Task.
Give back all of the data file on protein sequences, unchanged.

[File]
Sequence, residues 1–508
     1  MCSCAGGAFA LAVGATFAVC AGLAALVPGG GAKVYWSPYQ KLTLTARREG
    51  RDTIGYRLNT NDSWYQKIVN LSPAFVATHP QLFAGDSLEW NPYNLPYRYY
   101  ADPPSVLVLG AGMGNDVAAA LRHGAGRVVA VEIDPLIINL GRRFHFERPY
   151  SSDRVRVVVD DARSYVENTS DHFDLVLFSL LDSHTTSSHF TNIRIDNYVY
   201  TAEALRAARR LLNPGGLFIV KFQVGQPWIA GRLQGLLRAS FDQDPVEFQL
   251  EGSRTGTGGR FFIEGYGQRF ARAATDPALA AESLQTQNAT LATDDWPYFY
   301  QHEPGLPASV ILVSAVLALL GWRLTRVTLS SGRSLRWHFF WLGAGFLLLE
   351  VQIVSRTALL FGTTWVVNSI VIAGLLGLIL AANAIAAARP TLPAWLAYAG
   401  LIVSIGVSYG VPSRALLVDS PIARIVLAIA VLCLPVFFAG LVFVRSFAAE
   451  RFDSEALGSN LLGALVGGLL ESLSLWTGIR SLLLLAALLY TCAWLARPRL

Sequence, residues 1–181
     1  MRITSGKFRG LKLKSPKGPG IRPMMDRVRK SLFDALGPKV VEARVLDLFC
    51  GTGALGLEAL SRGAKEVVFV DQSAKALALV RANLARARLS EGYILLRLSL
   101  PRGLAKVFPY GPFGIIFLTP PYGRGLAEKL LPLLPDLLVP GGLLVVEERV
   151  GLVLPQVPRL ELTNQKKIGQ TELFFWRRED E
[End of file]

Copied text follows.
Sequence, residues 1–508
     1  MCSCAGGAFA LAVGATFAVC AGLAALVPGG GAKVYWSPYQ KLTLTARREG
    51  RDTIGYRLNT NDSWYQKIVN LSPAFVATHP QLFAGDSLEW NPYNLPYRYY
   101  ADPPSVLVLG AGMGNDVAAA LRHGAGRVVA VEIDPLIINL GRRFHFERPY
   151  SSDRVRVVVD DARSYVENTS DHFDLVLFSL LDSHTTSSHF TNIRIDNYVY
   201  TAEALRAARR LLNPGGLFIV KFQVGQPWIA GRLQGLLRAS FDQDPVEFQL
   251  EGSRTGTGGR FFIEGYGQRF ARAATDPALA AESLQTQNAT LATDDWPYFY
   301  QHEPGLPASV ILVSAVLALL GWRLTRVTLS SGRSLRWHFF WLGAGFLLLE
   351  VQIVSRTALL FGTTWVVNSI VIAGLLGLIL AANAIAAARP TLPAWLAYAG
   401  LIVSIGVSYG VPSRALLVDS PIARIVLAIA VLCLPVFFAG LVFVRSFAAE
   451  RFDSEALGSN LLGALVGGLL ESLSLWTGIR SLLLLAALLY TCAWLARPRL

Sequence, residues 1–181
     1  MRITSGKFRG LKLKSPKGPG IRPMMDRVRK SLFDALGPKV VEARVLDLFC
    51  GTGALGLEAL SRGAKEVVFV DQSAKALALV RANLARARLS EGYILLRLSL
   101  PRGLAKVFPY GPFGIIFLTP PYGRGLAEKL LPLLPDLLVP GGLLVVEERV
   151  GLVLPQVPRL ELTNQKKIGQ TELFFWRRED E